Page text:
Modal Analysis – Overview

As seen with Spectral Analysis, every violin has a unique assortment of resonance peaks, at many different frequencies (pitch), and with varying amplitudes (loudness). Any instrument will have a unique set of vibration Modes (patterns of motion) associated with each of its frequency peaks. In real use an instrument vibrates in many different ways simultaneously, to create the mix of frequencies that comprise any note.

Modal Analysis breaks down this complex mix of motions, frequency by frequency, to create maps and video animations of mode behavior. The smallest modifications to these modes may be audible in the sound. 3D Modal Movie The movements in these animations are of course very exaggerated and slowed to be easily tracked, but do represent the real motion of the violins. (See Common Questions about Modal Animation, Strad3D)

Additional video about the Strad 3D project can be seen in the UNC TV feature The Testing Sessions, and in The Research (Schenkman)

Signature Mode Shapes: (Stoppani) is a text and animation slide show, which gives an introduction to the basic modes. In addition to showing the areas of maximum surface displacement, some of these animations track areas of maximum bending, indicated by color variations.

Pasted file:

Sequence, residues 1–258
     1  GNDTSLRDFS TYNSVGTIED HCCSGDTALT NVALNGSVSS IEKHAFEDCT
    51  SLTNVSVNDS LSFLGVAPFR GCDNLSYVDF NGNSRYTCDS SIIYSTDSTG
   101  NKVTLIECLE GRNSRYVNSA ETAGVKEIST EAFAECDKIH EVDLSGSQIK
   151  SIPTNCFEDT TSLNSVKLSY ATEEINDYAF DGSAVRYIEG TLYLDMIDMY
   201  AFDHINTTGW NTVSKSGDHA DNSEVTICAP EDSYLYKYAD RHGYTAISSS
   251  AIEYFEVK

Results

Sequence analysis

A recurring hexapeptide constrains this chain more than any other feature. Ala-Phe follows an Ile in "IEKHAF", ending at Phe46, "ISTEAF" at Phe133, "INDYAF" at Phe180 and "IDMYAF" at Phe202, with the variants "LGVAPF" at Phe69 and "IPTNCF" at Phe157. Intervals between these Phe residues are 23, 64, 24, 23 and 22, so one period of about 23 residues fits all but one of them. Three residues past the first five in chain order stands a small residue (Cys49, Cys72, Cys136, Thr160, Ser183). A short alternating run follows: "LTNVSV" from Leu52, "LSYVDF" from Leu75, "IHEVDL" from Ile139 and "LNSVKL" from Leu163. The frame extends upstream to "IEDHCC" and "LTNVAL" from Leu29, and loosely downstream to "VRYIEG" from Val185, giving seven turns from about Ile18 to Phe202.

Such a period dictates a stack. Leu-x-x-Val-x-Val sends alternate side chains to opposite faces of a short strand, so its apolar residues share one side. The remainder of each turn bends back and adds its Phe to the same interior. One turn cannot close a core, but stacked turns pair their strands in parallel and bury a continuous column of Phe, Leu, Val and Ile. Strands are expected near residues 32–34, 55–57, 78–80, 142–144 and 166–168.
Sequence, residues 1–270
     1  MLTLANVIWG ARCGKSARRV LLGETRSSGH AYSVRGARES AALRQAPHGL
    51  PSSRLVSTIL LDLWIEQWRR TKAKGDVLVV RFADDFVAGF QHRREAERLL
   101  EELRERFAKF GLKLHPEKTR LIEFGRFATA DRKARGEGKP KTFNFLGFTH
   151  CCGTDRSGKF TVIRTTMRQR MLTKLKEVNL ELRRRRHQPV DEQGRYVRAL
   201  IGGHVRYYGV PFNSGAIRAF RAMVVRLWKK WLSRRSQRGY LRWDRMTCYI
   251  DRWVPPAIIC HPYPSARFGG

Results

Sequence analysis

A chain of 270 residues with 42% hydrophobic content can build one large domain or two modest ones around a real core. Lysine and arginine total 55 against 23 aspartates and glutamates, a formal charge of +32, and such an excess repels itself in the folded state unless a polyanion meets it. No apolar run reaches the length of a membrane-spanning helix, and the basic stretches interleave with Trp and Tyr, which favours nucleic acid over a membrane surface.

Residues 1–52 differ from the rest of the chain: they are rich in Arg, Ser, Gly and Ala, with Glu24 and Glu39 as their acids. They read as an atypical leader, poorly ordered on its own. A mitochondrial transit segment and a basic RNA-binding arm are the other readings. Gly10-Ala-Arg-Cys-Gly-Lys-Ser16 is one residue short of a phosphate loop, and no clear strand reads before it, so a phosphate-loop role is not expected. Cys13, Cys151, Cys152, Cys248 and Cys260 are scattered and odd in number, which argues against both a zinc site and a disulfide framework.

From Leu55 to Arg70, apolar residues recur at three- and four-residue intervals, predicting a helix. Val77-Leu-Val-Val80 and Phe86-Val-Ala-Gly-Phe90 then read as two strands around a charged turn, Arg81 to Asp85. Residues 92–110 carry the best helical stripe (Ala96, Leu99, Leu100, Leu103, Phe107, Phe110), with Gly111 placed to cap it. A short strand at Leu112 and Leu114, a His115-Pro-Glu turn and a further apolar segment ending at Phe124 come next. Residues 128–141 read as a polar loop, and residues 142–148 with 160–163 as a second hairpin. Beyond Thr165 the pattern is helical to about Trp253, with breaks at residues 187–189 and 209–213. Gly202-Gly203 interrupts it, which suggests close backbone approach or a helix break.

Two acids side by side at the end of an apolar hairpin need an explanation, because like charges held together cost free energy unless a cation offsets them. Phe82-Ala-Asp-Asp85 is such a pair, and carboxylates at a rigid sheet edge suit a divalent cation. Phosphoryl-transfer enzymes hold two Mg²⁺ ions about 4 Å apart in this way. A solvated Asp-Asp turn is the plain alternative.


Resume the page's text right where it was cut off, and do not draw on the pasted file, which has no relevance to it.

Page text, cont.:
The Modal Video Viewer has two sections:
Air and corpus animations:(Bissinger) these show not only the signature mode body vibrations, but also the movements of air pumping in and out of the f-holes, which is so critical to lower frequency sound radiation.
Band Averaged movies: (Stoppani) a way to quickly study a large amount of data. Included are comparisons of a Stradivari, Guarneri violins, and Bergonzi violin, and contrasts of mobility vs. bending.

The 3D modal Animation Files (WINDOWS only) can be directly viewed and manipulated; Install the Polytec SCANVIEWER, and modal files found in Get Files

For further reading, see See Bissinger research papers, and Modes and More (Stoppani, a basic introduction) all found in Research and Articles.